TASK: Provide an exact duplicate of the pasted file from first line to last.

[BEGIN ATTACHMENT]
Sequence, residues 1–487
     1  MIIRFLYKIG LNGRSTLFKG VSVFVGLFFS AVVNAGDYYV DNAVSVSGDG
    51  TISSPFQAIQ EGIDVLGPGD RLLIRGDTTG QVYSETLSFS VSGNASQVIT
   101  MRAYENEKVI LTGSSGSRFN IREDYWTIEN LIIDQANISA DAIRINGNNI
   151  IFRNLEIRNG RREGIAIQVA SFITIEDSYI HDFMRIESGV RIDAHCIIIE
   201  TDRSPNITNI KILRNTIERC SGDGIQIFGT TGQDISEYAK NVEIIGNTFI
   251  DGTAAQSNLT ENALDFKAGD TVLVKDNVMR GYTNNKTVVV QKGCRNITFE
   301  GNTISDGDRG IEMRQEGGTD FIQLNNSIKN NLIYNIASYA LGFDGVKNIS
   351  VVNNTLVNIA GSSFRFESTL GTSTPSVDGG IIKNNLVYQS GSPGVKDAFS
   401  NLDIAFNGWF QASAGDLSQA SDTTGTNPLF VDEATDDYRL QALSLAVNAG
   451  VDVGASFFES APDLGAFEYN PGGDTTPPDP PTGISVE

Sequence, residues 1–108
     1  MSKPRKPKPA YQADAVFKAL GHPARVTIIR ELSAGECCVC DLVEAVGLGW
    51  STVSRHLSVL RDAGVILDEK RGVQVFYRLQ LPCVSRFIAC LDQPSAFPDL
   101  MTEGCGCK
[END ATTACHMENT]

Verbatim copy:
Sequence, residues 1–487
     1  MIIRFLYKIG LNGRSTLFKG VSVFVGLFFS AVVNAGDYYV DNAVSVSGDG
    51  TISSPFQAIQ EGIDVLGPGD RLLIRGDTTG QVYSETLSFS VSGNASQVIT
   101  MRAYENEKVI LTGSSGSRFN IREDYWTIEN LIIDQANISA DAIRINGNNI
   151  IFRNLEIRNG RREGIAIQVA SFITIEDSYI HDFMRIESGV RIDAHCIIIE
   201  TDRSPNITNI KILRNTIERC SGDGIQIFGT TGQDISEYAK NVEIIGNTFI
   251  DGTAAQSNLT ENALDFKAGD TVLVKDNVMR GYTNNKTVVV QKGCRNITFE
   301  GNTISDGDRG IEMRQEGGTD FIQLNNSIKN NLIYNIASYA LGFDGVKNIS
   351  VVNNTLVNIA GSSFRFESTL GTSTPSVDGG IIKNNLVYQS GSPGVKDAFS
   401  NLDIAFNGWF QASAGDLSQA SDTTGTNPLF VDEATDDYRL QALSLAVNAG
   451  VDVGASFFES APDLGAFEYN PGGDTTPPDP PTGISVE

Sequence, residues 1–108
     1  MSKPRKPKPA YQADAVFKAL GHPARVTIIR ELSAGECCVC DLVEAVGLGW
    51  STVSRHLSVL RDAGVILDEK RGVQVFYRLQ LPCVSRFIAC LDQPSAFPDL
   101  MTEGCGCK